AḤSĀʾĪ, SHAIKH AḤMAD B. ZAYN-AL-DĪN, 1166-1241/1753-1826, Shiʿite ʿālem and philosopher and unintending originator of the Šayḵī school of Shiʿism in Iran and Iraq.

Life. He was born in Raǰab, 1166/May, 1753 in the small Shiʿite village of al-Matayrafī in the oasis of al-Aḥsā (al-Ḥasā) near the east coast of the Arabian peninsula in the greater Baḥrayn region. His family, originally nomadic Sunnis, had converted to Shiʿism five generations before, at a time of widespread conversion in the area, and had settled in al-Aḥsā at the same period. They belonged to the dominant Mahāšer clan of the ruling Banī Ḵāled, but do not appear to have been active in the politics of the region, and there is no evidence of links between them and the ʿolamāʾ . From two autobiographical accounts, it is clear that the young Shaikh Aḥmad was given little encouragement to study, but that, at his own insistence, he was able to complete his elementary studies under a shaikh in a nearby village. Later he found more advanced teachers and, by his twenties, seems to have made considerable progress in Shiʿite theology and philosophy. The identity of his teachers in this period is not known. He makes no mention of having traveled to Hofūf, al-Mobarraz, or any other large settlement in the region to find suitable teachers; in any case the obvious breadth and fundamental soundness of his learning by the time of his arrival in Iraq around 1205/1790 indicates that he must have had competent masters from an early stage. At the same time, it is possible that many of the original elements in his later doctrine owed much to his being in part self-taught. There is evidence of neo-Qarmaṭī influence in the al-Aḥsā region after the 1760s, but the possibility of links with the shaikh remains purely speculative. He himself indicated that, from early childhood, he developed a predilection for introspection, seclusion, and asceticism. At an unspecified age—probably during adolescence—he experienced a series of dreams and visions, of the type familiar to Shiʿite piety, in which the Imams or the Prophet figured as transmitters of supernatural knowledge. In one dream recounted by him, he believed that he was granted eǰāza or permission to transmit knowledge by each of the twelve Imams.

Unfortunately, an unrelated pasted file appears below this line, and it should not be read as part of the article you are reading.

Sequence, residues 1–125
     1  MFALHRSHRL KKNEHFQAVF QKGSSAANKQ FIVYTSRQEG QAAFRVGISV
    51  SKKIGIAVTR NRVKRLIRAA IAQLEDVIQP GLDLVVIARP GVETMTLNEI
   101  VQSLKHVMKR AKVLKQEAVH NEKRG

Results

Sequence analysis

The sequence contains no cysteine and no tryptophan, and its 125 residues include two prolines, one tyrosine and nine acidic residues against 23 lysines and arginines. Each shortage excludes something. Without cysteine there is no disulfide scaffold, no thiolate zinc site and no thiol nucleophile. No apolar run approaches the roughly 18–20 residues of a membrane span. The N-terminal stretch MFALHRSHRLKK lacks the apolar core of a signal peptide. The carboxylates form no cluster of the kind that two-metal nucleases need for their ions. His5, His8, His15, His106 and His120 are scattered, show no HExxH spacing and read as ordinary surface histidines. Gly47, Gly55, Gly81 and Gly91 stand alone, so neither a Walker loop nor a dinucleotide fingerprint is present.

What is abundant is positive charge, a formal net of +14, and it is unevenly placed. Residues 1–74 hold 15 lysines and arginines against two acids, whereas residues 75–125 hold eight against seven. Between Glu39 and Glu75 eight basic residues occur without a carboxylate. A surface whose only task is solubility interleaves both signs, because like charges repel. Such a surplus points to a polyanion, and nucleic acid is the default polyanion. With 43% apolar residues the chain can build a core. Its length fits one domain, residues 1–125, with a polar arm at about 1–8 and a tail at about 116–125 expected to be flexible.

In 1186/1772-73, at the age of twenty, Shaikh Aḥmad left al-Aḥsā for the ʿatabāt or Shiʿite shrines in Arab Iraq, apparently with the aim of studying there under the ʿolamāʾ who had congregated in the region under

the general direction of Āqā-ye Behbahānī. Not long after his arrival, however, plague broke out in Iraq, and he was forced to return to al-Aḥsā. He married his first wife shortly after this and appears to have abandoned any plans to return to the ʿatabāt. The next twenty years or so were spent in al-Aḥsā and in Baḥrayn proper (where he spent four years), during which period he studied Shiʿite feqh and kalām and read works on “theosophy” or “divine wisdom” (ḥekma elāhīya), including texts by Mollā Ṣadrā and Moḥsen Fayż. He received what seems to have been his first formal eǰāza in 1205/1790 from Shaikh Aḥmad b. Ḥasan Baḥrānī Damastānī, a pupil of Shaikh Yūsof Baḥrānī. His earliest known works also date from about this time, among them Ṣerāṭ al-yaqīn (a commentary on the Tabṣera of Ḥellī) and al-Resālat al-qadrīya (on the subject of qadr). Now in his late thirties, he had succeeded in attracting some attention in the region, but apparently more as a saint than as a scholar.

The Wahhabi threat to the Baḥrayn region impelled the shaikh to leave al-Aḥsā by the early 1790s, again in the direction of the shrines in Iraq. His stay was prolonged this time, and he studied under several Shiʿite ʿolamāʾ , mostly pupils of Āqā-ye Behbahānī, who had recently died. Before long he obtained comprehensive eǰāzāt from at least five teachers: Sayyed Moḥammad-Mahdī Ṭabāṭabāʾī Baḥr-al- ʿolūm (1209/1794-95), Shaikh Jaʿfar Naǰafī, Sayyed ʿAlī Ṭabāṭabāʾī, Āqā Mīrzā Moḥammad-Mahdī b. Abi’l-Qāsem Mūsawī Šahrestānī (1209/1794-95), and Shaikh Ḥosayn b. Moḥammad Darāzī Baḥrānī, a nephew of Shaikh Yūsof Baḥrānī (1214/1799). After the receipt of this last eǰāza, Aḥsāʾī began a period of shifting from place to place in southern Iraq, including three periods of residence in Baṣra.

In 1221/1806, he performed a pilgrimage to Mašhad. Returning through Yazd, he was persuaded by the populace to remain there; thus began a stay of almost twenty years in Iran, during which the shaikh’s reputation spread throughout the country and beyond. By 1223/1808, Fatḥ-ʿAlī Shah began to correspond with him, probably at the suggestion of Ebrāhīm Khan Ẓahīr-al-dawla, the governor of Kermān, who had become one of the shaikh’s most devoted admirers. Aḥsāʾī spent the winter of 1808-09 as a guest of the king in Tehran, but could not be persuaded to transfer his residence there permanently. Returning to Yazd, he settled down more seriously to write the letters and commentaries on which his growing fame was to be built.